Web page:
Political Economy of the Global Monetary System
Friday, Jan. 3, 2020 8:00 AM - 10:00 AM (PDT)
- Chair: Devika Dutt, University of Massachusetts-Amherst
Blowing against the Wind? A Narrative Approach to Central Bank Foreign Exchange Intervention
AbstractStudies on the effectiveness of central bank intervention yield mixed results and poorly deal with endogeneity. By using a narrative approach, this paper is the first to deal with intraday changes in market conditions to show the real effect of central bank foreign exchange intervention on exchange rates. Some studies find that intervention works in up to 80% of cases. By accounting for intraday market moving news, I find that in adverse conditions, the Bank of England only managed to influence the exchange rate in 8% of cases. I use both machine learning and human assessment to confirm the validity of the narrative assessment.
The Political Economy of Federal Reserve Banking: Historical Precedent, Future Possibilities and Possible Responses
AbstractThe Federal Reserve faces some of the steepest challenges to its authority since gaining independence from the U.S. Treasury in 1951. Relentless public criticism from executive government and the rising popularity of modern monetary theory signal that tenets of monetary policy orthodoxy (like the assumption central banks should be independent and target low inflation) are now under increasing political scrutiny. This paper compares the current challenges to Federal Reserve authority with historical contests to Federal Reserve policymaking and considers the central bank’s distinctive role in the U.S. economy. In so doing, it highlights the three major, political-economy challenges to the Federal Reserve’s current operating framework: (i) the political legitimacy of asset market-led policymaking in an environment of wage stagnation, (ii) the political sustainability of balance-sheet policymaking and fiscal austerity, and (iii) the viability of inflation-targeting in a world of secular stagnation. The paper then considers how the Federal Reserve is likely to respond to these challenges with reference to historical analogues. By analyzing the emergence of contemporary central banking through the lens of Minsky’s “learning game” model of central banking, it argues that the Federal Reserve has historically overcome challenges by establishing harmony with fiscal policy routines and quarantining inflation in asset markets. The discussion therefore concludes with a consideration of the ways in which Federal Reserve operations are likely to change in response to emerging political challenges.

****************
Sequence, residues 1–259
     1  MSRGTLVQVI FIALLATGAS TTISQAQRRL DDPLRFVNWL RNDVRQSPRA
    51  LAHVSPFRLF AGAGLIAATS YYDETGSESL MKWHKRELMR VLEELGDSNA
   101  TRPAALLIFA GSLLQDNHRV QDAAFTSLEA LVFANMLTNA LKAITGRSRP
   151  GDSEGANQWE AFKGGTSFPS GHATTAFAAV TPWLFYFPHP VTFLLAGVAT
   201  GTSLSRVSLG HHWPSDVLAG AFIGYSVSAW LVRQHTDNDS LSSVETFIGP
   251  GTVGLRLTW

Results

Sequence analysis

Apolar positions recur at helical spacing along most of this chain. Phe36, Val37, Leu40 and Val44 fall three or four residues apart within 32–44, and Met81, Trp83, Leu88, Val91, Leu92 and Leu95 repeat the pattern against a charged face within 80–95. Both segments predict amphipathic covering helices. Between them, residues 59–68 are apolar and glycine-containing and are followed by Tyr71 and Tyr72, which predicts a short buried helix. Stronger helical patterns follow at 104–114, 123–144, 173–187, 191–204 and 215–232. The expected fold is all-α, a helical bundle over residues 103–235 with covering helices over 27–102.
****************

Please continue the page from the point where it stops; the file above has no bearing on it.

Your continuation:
Oliver Levingston, PhD Candidate, Political Economy, University of Sydney, Australia
Exorbitant Privilege or Ultimate Responsibility? Access to the International Lender of Last Resort
AbstractThe Global Financial Safety Net is crucial insofar as it can provide emergency liquidity to countries that require it like an international lender of last resort and help stabilize the global economy. However, some parts of the Global Financial Safety Net are more effective than others. Access to central bank swap lines, and swap lines from the Federal Reserve in particular, is particularly important. There is some evidence for this, as other aspects of the global financial safety net, such as accumulation of foreign exchange reserves, are rendered less important with access to central bank swap lines: countries that have access to swap lines from the Federal Reserve, hold fewer reserves. Given that the US Dollar is the global reserve currency, the Federal Reserve has become the de facto international lender of last resort in the global economy. However, very few countries have historically had access to swap lines from the Federal Reserve. This begs the question: what determines access to emergency financial assistance from the United States, either in the form of a central bank swap line or emergency loan arrangement from the Exchange Stabilization Fund of the U.S. Treasury? Do these institutions provide emergency liquidity to the countries that have strong linkages with the U.S. economy, countries that exhibit “good” policy behavior, countries that can help the U.S. further its foreign policy objectives, or some combination thereof? This paper explores this question by using historically instances of the extension of swap lines from the Federal Reserve to estimate the factors that determine access to it.
- F3 - International Finance